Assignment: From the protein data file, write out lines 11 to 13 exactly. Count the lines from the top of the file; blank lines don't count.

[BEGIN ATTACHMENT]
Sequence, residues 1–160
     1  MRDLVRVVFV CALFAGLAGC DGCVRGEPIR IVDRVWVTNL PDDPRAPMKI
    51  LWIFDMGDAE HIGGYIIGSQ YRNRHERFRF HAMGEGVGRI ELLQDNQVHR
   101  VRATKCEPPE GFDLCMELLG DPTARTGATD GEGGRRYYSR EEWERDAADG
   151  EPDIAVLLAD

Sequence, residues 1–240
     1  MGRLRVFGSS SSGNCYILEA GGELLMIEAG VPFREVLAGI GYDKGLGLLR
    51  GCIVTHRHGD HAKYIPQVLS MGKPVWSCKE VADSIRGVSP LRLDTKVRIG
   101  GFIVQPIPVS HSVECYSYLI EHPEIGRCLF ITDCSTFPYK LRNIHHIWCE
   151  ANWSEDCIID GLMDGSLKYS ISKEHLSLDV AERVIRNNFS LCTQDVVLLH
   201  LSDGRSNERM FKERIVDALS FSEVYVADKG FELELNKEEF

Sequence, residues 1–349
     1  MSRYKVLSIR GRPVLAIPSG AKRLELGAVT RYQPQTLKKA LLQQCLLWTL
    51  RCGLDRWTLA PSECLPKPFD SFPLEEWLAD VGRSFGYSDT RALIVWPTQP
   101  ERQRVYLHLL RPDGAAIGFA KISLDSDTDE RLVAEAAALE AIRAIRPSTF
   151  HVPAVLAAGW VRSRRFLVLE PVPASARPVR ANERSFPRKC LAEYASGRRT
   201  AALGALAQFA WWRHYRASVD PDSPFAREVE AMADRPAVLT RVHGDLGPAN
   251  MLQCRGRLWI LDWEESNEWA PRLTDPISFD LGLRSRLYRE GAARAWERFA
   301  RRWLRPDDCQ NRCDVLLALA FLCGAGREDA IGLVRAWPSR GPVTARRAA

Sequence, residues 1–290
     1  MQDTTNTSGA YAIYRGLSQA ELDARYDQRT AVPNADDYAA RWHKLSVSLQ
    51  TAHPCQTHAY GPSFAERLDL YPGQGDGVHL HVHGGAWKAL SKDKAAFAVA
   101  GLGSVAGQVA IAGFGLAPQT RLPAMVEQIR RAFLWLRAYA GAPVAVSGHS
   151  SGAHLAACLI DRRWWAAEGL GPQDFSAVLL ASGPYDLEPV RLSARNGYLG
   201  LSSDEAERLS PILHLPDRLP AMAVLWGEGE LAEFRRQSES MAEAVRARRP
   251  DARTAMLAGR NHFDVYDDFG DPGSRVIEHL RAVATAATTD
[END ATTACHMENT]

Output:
   201  LSDGRSNERM FKERIVDALS FSEVYVADKG FELELNKEEF

Sequence, residues 1–349
     1  MSRYKVLSIR GRPVLAIPSG AKRLELGAVT RYQPQTLKKA LLQQCLLWTL